“Uh-oh,” Stafford muttered. He tapped at the holo-table, but nothing happened.
“How do I get the orbital space sensors back on this thing?” he demanded. Ensign Burke and Agent Jural looked over the controls for a moment, then pushed a button. They stared at the Qu’Eh fleet for a moment.
“They’re repositioning themselves!” Stafford said, “They’re going to-“
A bolt of light shot down from one of the Qu’Eh ships, impacting the planet. On another screen of the control pulpit, Burke pulled up the satellite view of the hanger door.
“Near miss!” he reported.
“They’re going to breach the hanger door with their ships, then let their troops pour in,” Laheya said, “Now would be a very good time for your fleet to show up,”
“The fleet!” Stafford’s eyes bugged out, “Scan the direction of the Senousan system! We were tracking a group of ships!”
“There’s nothing on the deep space sensors,” Jural said, having taken over a second control pulpit and its limited sensor access, “Wait!”
“We’ve got a fleet of ships coming in at Warp 9! They’ll be here in five minutes!”
Aboard the bridge of the USS Banshee, Noonan stood next to Commander Burns’ chair staring at the stars streaking by on the viewscreen. He’d never again sit in her chair, not after what happened the last time. The Stallion and the Champlain were visible on the screen, the tiny Constitution and the much larger Proxima-class ships warping in ahead of the Banshee.
“Matria Prime in two minutes, thirty seconds,” Rachow reported.
“So you’ve got plenty of time for a sexual encounter, assuming you could find a willing female,” said Captain Velorn, the Banshee’s Section 31 ‘guidance officer’.
“Insults are illogical,” Noonan commented.
“The existence of this ship and this crew is highly illogical,” Velorn shot back.
“I’m getting some funny readings from the planet,” Dr. Lang reported, “I think one of the orbiting ships is firing on the surface,”
“Then we’re arriving just in time to save the day,” Vorezze said confidently, “It’s just what we do,”
“There’s something funny about this, but I can’t get a very good reading while we’re at warp,” Lang frowned.
“Relax,” Burns advised, “The Matrian fleet and an old Ambassador-class ship nearly beat back the Qu’Eh. We’ve got six Federation ships and one Section 31 ship worth all of them. What could go wrong?”
“No, no, NO!” Stafford cried, watching on the display as the ships neared Matria Prime. They were close enough now that the sensors could identify them as Federation ships. A Sovereign-class, two Excelsior-class, a Constitution-class, a Constellation-class, a Proxima-class and a Miranda-class. One more than he was expecting, but Tunney must have tossed in another Operation Salvage ship while he was waiting for a battleship. Whatever, he was getting off track.
“What do you mean, ‘no’?” Anselia demanded, “I am a politician, yet I can see that this is a formidable fleet, far more powerful than the forces we brought against the Qu’Eh last time!”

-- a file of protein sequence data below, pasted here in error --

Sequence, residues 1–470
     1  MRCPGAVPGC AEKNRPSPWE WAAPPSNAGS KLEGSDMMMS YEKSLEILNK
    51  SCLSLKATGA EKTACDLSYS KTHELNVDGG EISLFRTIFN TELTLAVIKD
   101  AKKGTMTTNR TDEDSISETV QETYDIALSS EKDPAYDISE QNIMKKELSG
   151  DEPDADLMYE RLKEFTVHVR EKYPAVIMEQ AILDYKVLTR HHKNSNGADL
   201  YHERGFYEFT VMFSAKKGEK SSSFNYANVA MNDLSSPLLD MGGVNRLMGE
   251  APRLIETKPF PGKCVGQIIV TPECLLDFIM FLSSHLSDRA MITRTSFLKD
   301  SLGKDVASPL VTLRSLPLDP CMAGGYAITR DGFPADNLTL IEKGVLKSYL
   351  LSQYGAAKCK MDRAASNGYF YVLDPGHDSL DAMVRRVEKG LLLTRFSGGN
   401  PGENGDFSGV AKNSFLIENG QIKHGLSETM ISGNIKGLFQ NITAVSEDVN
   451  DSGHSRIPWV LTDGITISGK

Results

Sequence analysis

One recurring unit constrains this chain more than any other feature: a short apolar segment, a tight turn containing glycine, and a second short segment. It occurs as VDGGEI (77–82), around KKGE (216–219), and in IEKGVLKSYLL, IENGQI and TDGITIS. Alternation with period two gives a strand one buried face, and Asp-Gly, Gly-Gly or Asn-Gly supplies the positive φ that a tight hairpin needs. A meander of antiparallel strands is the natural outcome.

“Agreed,” Mistress Laheya said, looking relieved, “I will admit, I doubted the Federation would actually help us. I’m very pleased to be proven wrong. Coffee, anybody?”
“The Qu’Eh have been upgrading their ships with technology they stole from Silverado!” Stafford shouted, “Jall shorted out most of our systems when he lost the ship, but they must have been able to reverse engineer some of our sensor and weapons components! Burke saw them testing a Federation-type phaser, and we know they used our sensor systems to find Haven!”
He clenched his fists as the fleet grew closer.
“They’re warping right into a trap!”
“We still don’t have interstellar comms,” Burke said, tapping at his control pulpit, “And they won’t be in range of the planetary network until they drop out of warp,”
On Abela’s display, the orbiting Qu’Eh ships fired on the hanger again.
“They hit us that time,” she reported, “A couple more like that, and the hanger doors will be breached.”
“Look!” Pye said, pointing at the holographic display, “The Qu’Eh ships!”
Except for the ship firing on the surface, the enemy fleet was repositioning itself, preparing to meet the incoming Federation fleet.
They all stared at the holo-table as the two fleets inched closer together.
Stafford spun to face Abela.
“Activate Haven,” he demanded.
“You activate Haven,” she said coolly, “I’ve already told you haw to do it,”
Stafford ran one hand against the underside of the table. As before, six palm-shaped, holographic authentication points appeared around the table’s edge. He stared at them, saying nothing. The Matrians and Starfleet officers in the command center stared at him, waiting for him to make a decision, to choose the six people that he felt could unlock the potential of the huge installation the Matrians had hidden away for centuries. Choose six people. It sounded so simple, didn’t it? They had most of the Matrian government hiding in the Transit Hub right now. Haven’s computers could tap right into the HQ security database, see their access levels, and in theory it would open right up. But Abela had made it abundantly clear that this was a test. This decision wasn’t just about finding six people who could unlock Haven, it was about finding the exact six people that should. That choice would either demonstrate to her that, together, the men and women of Matria and their Federation allies were ready for what their ancestors had left for them two centuries ago. Or that they weren’t.
How could he make that decision?
After another moment of silence, the holographic palm-prints faded out, replaced by the standard holo-table controls.
“The Federation fleet is dropping out of warp,” Burke reported.